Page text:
Diagnosing ADHD in Adults With Substance Use Disorder: DSM-IV Criteria and Differential Diagnosis
J Clin Psychiatry 2007;68(7):e18
© Copyright 2016 Physicians Postgraduate Press, Inc.
Access to this article is available to valid users
Still can't log in? Contact the Circulation Department at 1-800-489-1001 x4 or send email
Register: If you do not have one already, register for a free account.
Individuals with ADHD have a high rate of comorbid psychiatric disorders, especially
substance use disorders. Similarly, ADHD is overrepresented in the SUD
population. This high rate of comorbidity can make ADHD difficult to diagnose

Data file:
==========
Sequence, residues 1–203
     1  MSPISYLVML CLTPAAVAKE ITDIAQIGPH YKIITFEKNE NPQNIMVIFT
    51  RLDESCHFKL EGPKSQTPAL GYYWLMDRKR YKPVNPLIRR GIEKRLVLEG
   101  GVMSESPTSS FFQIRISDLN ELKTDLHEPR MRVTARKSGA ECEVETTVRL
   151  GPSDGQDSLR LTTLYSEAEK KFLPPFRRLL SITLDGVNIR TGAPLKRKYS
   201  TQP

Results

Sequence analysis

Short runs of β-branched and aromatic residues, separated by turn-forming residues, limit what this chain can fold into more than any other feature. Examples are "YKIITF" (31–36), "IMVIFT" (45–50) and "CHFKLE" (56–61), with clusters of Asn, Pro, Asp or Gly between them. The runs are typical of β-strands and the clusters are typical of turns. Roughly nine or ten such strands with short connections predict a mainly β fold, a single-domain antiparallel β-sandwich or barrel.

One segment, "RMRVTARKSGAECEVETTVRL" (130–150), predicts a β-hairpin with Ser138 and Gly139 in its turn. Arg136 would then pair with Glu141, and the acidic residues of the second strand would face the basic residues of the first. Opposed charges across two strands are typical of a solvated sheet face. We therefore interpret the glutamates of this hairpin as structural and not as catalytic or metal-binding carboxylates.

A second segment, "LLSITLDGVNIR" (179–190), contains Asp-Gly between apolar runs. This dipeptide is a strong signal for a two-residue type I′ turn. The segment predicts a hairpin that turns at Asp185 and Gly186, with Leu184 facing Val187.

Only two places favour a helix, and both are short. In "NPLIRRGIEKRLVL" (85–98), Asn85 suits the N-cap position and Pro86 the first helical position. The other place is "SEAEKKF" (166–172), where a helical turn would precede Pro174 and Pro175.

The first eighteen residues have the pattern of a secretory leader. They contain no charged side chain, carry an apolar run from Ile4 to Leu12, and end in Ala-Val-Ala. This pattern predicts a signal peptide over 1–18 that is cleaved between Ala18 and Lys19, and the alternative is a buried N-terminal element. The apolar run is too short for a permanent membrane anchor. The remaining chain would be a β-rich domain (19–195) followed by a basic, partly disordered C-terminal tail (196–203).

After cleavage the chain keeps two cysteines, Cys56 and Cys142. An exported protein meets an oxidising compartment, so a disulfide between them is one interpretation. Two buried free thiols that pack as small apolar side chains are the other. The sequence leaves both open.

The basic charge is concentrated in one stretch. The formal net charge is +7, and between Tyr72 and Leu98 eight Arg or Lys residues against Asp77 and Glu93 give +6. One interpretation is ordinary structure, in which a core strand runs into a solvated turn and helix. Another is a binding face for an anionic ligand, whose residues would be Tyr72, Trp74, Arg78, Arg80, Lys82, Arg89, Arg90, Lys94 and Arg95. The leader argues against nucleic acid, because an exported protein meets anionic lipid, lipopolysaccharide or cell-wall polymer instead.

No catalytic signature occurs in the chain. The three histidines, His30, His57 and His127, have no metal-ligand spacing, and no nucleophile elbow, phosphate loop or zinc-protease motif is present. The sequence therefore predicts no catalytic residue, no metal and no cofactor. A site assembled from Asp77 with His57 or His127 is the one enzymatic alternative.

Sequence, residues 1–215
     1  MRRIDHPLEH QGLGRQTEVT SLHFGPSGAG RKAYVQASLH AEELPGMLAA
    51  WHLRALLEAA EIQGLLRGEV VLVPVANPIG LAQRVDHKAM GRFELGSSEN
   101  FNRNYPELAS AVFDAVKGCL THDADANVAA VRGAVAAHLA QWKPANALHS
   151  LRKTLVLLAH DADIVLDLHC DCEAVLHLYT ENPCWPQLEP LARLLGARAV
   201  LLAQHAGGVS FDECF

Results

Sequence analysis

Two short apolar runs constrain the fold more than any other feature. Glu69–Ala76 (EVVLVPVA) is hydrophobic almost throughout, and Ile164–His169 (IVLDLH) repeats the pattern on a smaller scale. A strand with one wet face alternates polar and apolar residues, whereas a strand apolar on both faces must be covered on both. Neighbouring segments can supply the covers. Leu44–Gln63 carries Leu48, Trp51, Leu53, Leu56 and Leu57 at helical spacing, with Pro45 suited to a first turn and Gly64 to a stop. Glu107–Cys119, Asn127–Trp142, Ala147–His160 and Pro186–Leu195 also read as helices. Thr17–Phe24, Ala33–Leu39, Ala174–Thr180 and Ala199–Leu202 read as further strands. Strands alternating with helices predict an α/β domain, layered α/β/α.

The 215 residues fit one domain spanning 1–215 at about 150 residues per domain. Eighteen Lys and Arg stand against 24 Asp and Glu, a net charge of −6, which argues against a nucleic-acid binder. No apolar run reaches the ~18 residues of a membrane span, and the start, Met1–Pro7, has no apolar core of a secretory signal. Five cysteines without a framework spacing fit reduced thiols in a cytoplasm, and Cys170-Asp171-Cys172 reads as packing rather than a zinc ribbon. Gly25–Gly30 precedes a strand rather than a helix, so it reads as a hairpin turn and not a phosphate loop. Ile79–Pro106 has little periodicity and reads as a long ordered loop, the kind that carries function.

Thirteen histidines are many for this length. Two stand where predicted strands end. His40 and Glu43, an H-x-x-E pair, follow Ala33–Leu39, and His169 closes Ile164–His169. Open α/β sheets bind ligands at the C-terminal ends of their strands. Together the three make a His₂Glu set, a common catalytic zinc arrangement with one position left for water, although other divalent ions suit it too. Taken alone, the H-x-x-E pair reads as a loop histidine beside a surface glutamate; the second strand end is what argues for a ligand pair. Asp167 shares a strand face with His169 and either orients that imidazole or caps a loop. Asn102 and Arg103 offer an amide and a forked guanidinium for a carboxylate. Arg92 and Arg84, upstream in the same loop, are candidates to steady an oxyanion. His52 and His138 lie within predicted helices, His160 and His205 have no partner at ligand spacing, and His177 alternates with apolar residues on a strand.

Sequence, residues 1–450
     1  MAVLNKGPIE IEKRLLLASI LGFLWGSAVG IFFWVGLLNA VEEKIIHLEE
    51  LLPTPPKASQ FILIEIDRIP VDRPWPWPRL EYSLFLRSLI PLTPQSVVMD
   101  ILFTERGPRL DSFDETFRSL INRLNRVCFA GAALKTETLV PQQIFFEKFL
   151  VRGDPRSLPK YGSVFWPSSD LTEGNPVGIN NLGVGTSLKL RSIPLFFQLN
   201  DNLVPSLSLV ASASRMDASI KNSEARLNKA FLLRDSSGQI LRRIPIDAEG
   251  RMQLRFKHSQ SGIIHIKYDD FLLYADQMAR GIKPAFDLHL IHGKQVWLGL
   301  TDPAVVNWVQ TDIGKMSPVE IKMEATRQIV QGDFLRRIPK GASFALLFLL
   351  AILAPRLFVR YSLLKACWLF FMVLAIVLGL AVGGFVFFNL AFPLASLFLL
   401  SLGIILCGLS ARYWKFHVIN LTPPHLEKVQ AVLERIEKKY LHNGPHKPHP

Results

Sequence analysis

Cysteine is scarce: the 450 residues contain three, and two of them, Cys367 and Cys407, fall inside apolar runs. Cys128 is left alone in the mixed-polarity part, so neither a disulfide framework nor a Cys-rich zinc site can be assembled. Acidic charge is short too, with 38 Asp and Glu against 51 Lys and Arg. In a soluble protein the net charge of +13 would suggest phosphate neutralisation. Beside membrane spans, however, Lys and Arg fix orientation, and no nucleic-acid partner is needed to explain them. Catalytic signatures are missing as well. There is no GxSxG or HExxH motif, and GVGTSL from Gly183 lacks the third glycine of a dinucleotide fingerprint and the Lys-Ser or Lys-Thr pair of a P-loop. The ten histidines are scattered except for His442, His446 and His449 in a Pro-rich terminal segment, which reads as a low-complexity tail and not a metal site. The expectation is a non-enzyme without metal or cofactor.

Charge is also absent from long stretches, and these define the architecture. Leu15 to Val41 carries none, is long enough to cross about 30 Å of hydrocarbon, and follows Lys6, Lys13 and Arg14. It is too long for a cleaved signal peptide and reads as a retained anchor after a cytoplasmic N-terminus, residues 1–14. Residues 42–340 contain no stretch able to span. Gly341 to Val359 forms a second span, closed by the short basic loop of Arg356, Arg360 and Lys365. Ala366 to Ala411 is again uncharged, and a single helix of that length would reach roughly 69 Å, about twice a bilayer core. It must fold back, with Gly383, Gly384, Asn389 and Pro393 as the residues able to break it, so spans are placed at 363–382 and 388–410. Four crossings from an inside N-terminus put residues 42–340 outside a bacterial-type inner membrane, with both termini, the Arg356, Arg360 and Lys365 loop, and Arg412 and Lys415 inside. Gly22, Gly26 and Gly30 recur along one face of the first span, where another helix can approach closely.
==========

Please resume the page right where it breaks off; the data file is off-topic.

and treat. Comorbid SUD in individuals with ADHD can have a negative impact on
course of illness and quality of life. The stringent DSM-IV criteria for ADHD
may make diagnosing ADHD in adults difficult, which may lead to an
underdiagnosis of ADHD in the adult population. This may be especially true for
patients with SUD, because cognitive deficits associated with substance abuse
can hinder their ability to recall ADHD symptoms for appropriate diagnostic
purposes. On the other hand, SUD symptoms may mimic ADHD symptoms, which can
lead to an overdiagnosis of ADHD in the SUD population. If proper attention is
paid to age-appropriate symptoms of ADHD, and careful longitudinal data are
obtained from patients presenting with ADHD or SUD, proper treatment can be
given to patients with these comorbid disorders.
See the entire activity.